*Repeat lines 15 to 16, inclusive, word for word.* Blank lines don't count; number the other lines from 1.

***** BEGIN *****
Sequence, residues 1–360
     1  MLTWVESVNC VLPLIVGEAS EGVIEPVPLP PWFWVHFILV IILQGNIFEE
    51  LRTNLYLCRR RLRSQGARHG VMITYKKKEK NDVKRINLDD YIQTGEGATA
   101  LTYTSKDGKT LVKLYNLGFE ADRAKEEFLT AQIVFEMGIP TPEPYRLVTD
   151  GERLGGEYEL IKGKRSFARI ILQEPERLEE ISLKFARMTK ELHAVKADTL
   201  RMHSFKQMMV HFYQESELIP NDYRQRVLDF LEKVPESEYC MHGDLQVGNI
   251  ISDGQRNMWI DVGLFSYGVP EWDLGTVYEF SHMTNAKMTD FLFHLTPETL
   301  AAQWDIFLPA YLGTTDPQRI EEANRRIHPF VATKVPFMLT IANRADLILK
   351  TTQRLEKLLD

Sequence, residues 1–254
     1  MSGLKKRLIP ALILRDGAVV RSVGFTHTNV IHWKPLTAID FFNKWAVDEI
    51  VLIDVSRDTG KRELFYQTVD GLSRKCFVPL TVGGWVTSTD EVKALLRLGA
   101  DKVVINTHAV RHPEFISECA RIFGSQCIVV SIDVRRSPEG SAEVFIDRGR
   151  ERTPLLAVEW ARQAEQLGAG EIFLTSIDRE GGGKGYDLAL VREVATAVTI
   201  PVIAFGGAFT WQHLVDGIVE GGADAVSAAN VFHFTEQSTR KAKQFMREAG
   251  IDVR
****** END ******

   201  PVIAFGGAFT WQHLVDGIVE GGADAVSAAN VFHFTEQSTR KAKQFMREAG
   251  IDVR